Like Irish pubs and Chinese takeouts, you’d be hard-pressed to find a moderately-populated town without an Italian restaurant. And for much of the country, that Italian restaurant is a chain. We canvassed the country, and from corporate behemoths like Olive Garden to family-run chains like The Old Spaghetti Factory, we’ve tracked down the 12 best casual, non-pizza Italian chains.
Founded in 1988 in Lexington, KY, there are currently more than 200 outposts of Fazoli’s in 26 states. Today the super-casual chain is best known for its unlimited breadsticks; inexpensive bowls of oven-baked pastas like baked spaghetti topped with your choice of add-ons like meatballs and roasted chicken; oven-baked “Submarino” sandwiches; pizza; and carb-heavy sampler platters heaping with fettucine Alfredo, meat lasagna, spaghetti, and penne with meat sauce. Great for kids, they offer kids’ nights with games and storytelling as well as senior discounts, lunch specials, family platters, and lighter options under 550 calories.
With 14 locations in seven states, The Spaghetti Warehouse is a popular fixture in each of its cities. Like The Old Spaghetti Factory (which came three years earlier), many restaurants are located in old warehouses and each one has a trolley car in the middle of the dining room. Most of these restaurants are also big: the one in Columbus, Ohio seats 800. While you’ll find spaghetti and meatballs and a popular 15-layer lasagna on the menu, much of the menu is non-traditional: baked pepperoni spaghetti, spaghetti topped with beef chili, and fried ravioli are all popular items. There are also several gluten-free options, and each location has a private banquet room.
There are more than 800 locations of Olive Garden around the country, and for many, this was their first introduction to the world of Italian cuisine. In all honesty, you can’t deny that the $6.99 unlimited soup, salad, and breadsticks is a pretty good deal! Their vast menu includes Italian-American classics like the popular ‘Tour of Italy’ with lasagna, chicken parm, and fettucine Alfredo as well as creative Italian-inspired dishes like Moscato Peach Chicken, Steak Gorgonzola-Alfredo, and Chicken & Shrimp Carbonara. The chain has introduced some rebranding in recent years, rollingo out a new logo and more than 20 new menu items, including a new ‘Tastes of Italy’ small plates section, and you'd be hard-pressed to find a menu item that doesn't hit all the right notes. They let you order online, participate in several outreach programs, including Harvest Food Donation, Giving Tree, and Pasta for Pennies, and their servers earn, on average, $14.50 per hour, leading to a turnover rate that's lower than the industry standard.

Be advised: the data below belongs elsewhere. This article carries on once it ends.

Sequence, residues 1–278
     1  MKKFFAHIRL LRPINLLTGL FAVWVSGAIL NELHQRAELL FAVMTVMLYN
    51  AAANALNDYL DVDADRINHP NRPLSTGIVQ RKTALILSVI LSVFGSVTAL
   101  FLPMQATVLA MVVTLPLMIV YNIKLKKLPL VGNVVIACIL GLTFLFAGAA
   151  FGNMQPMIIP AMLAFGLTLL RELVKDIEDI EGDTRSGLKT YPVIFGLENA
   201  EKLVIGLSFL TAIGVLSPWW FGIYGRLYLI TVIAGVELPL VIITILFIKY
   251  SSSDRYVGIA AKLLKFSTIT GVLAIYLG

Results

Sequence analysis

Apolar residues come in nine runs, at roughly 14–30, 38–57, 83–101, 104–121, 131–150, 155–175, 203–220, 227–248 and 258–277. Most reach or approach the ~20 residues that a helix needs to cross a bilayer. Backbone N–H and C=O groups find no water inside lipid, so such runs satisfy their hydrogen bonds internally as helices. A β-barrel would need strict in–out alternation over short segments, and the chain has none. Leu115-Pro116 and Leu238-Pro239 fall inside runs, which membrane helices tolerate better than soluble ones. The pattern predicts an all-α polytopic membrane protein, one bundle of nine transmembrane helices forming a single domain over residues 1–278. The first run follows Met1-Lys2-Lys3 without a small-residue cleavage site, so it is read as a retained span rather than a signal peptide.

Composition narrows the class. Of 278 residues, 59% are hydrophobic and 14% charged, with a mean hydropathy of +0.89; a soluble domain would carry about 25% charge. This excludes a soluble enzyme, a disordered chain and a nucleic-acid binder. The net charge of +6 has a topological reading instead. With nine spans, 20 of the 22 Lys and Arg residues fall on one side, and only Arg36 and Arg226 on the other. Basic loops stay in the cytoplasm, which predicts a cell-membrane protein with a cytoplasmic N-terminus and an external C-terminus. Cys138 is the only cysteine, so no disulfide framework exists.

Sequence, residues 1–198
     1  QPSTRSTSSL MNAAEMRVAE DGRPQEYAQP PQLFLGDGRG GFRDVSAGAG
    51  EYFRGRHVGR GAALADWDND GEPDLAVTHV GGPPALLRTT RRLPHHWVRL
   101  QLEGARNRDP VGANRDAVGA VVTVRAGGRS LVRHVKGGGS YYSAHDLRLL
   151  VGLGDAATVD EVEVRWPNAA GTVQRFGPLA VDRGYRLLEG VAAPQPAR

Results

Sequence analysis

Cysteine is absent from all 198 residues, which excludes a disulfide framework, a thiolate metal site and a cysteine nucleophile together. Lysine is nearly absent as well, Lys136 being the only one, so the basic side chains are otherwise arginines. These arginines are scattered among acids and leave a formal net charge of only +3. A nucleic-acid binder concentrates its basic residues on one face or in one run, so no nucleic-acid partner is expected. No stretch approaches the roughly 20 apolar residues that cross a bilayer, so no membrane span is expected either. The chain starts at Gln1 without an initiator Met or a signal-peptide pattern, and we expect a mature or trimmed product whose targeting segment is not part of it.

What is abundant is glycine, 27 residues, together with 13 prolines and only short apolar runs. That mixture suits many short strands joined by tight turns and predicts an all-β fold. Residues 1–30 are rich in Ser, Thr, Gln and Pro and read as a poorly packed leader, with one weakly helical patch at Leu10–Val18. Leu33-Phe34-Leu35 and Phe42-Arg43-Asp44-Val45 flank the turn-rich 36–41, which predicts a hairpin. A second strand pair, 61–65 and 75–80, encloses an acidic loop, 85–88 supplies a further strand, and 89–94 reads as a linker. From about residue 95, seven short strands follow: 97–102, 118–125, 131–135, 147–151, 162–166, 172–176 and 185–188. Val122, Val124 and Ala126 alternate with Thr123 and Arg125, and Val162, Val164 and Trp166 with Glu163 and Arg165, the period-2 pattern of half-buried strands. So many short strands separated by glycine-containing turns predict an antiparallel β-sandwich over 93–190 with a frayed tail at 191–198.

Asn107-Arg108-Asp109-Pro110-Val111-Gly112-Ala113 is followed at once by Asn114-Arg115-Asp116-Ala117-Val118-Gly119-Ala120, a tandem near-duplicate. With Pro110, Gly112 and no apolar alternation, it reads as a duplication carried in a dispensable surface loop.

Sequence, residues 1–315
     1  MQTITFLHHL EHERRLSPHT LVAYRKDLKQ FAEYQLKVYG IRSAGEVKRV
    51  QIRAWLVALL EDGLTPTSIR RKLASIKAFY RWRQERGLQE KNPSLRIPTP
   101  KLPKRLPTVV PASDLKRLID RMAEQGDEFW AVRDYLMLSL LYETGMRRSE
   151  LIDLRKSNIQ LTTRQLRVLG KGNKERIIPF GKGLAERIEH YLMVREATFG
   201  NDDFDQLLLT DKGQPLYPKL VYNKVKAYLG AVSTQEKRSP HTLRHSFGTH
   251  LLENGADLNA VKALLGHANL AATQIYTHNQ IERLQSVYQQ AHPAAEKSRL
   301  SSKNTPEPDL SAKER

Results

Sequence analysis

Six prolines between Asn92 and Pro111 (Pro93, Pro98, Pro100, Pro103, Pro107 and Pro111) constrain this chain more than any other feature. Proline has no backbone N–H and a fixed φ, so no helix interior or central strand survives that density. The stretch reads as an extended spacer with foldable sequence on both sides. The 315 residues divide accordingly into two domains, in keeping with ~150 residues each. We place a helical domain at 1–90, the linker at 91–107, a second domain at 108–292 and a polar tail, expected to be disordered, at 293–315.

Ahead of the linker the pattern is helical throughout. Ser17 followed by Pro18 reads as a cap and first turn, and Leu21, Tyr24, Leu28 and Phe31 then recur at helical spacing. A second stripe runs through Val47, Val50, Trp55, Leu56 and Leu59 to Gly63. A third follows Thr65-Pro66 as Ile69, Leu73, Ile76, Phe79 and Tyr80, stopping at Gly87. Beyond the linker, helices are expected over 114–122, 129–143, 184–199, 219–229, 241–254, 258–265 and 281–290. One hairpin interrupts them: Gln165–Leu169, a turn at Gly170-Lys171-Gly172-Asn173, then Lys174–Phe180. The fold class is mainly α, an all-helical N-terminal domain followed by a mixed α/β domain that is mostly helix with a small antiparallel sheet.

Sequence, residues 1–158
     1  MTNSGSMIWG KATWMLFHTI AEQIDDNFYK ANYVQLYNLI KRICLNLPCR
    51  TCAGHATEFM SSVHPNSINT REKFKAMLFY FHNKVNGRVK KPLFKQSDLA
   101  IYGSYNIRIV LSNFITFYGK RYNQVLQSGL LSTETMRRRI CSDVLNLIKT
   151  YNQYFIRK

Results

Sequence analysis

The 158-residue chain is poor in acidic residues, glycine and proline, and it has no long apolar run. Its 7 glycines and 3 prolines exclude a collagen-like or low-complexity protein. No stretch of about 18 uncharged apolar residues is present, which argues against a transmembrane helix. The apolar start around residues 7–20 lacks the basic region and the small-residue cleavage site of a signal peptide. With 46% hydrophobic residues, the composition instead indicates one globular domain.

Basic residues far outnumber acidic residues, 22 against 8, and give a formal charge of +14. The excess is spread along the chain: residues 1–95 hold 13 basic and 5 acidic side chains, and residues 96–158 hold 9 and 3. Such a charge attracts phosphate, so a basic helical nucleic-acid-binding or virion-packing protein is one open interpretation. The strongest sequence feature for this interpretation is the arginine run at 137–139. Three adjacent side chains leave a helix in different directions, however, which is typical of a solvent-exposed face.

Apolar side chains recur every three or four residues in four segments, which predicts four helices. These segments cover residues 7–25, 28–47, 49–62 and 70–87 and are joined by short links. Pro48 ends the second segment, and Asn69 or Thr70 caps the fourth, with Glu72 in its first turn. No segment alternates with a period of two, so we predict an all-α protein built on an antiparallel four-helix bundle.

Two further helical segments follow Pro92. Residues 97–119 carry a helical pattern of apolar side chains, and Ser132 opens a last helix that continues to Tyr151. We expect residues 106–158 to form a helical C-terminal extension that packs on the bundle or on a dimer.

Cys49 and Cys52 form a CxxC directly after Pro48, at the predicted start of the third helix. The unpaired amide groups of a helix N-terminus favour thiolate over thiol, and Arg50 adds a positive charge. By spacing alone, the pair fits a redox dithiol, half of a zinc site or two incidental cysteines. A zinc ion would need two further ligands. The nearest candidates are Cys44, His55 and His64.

Zio’s Italian Kitchen
Zio’s has 16 locations across Colorado, Kansas, Missouri, New Mexico, Oklahoma, and Texas, each with an open kitchen and a spacious ‘piazza-style’ atmosphere. Popular menu items include pepperoni bread, Italian nachos, shrimp with artichokes, mushrooms, and tomatoes in a lemon cream sauce, brick-oven pizzas with creative toppings like barbecue or Thai chicken, cheese ravioli on top of linguine, and spicy shrimp and prosciutto with bow tie pasta in Alfredo sauce. They offer an inexpensive lunch deal during the week as well as a $3.99 kids menu. There are also a handful of specials at any given time, including all you can eat soup and salad on Sundays for $7.99, $1.99 kids meals on Wednesdays, and all you can eat pasta on Thursday’s for $9.99.
Buca Di Beppo
Roughly translated as “Joe’s Basement” (seriously), Buca di Beppo was founded in 1993 and is owned by Planet Hollywood. It’s known for its boisterous atmosphere, family-style platters, vintage photos in every restaurant, and different theme in every location (even though they all have a “Pope Table,” a large, round table in a room by itself, with a bust of the pope as centerpiece). Popular offerings include Cheesy Bread Florentine, square-cut pizzas, prosciutto-stuffed chicken, lasagna, and sausage and peppers. There’s also an expansive gluten-free menu and a “4 Eat for $40” deal. They’re great for banquets and parties, will deliver orders more than $100, and donate $1.00 to St. Jude’s Children’s Research Hospital for every meatball dish sold.
Brio Tuscan Grille
Based in Columbus, Ohio, Brio Tuscan Grille has locations in 22 states from coast to coast. Its menu features a wide variety of scratch-made Tuscan-inspired appetizers, pasta dishes, flatbreads, and traditional Italian entrées, but the restaurant’s grilled items really shine, as the name might imply. Tuscan-grilled pork chops, grilled chicken under a brick, and 14-ounce bistecca all Fiorentina are real standouts. There’s also a wide variety of gluten-free menu items (including pastas), and make sure you drop by the bar during the week, when appetizers start at just $3.95.
Biaggi’s takes a white-tablecloth approach to Italian dining while still staying casual and keeping prices reasonable. Since first opening in Bloomington, Ill. in 1999, they’ve expanded to 23 locations in 12 states. Popular menu items include carpaccio, sherry tomato soup, black fettucine with lobster, butternut squash ravioli in a sage-brown butter sauce, potato-parmesan crusted tilapia, and osso bucco. There’s a “lighter side” menu with options under 600 calories, gluten-free items, a kids; menu, and a $35 “Pronto Pack” to go, with enough bread, salad, and pasta to serve 4-5 people.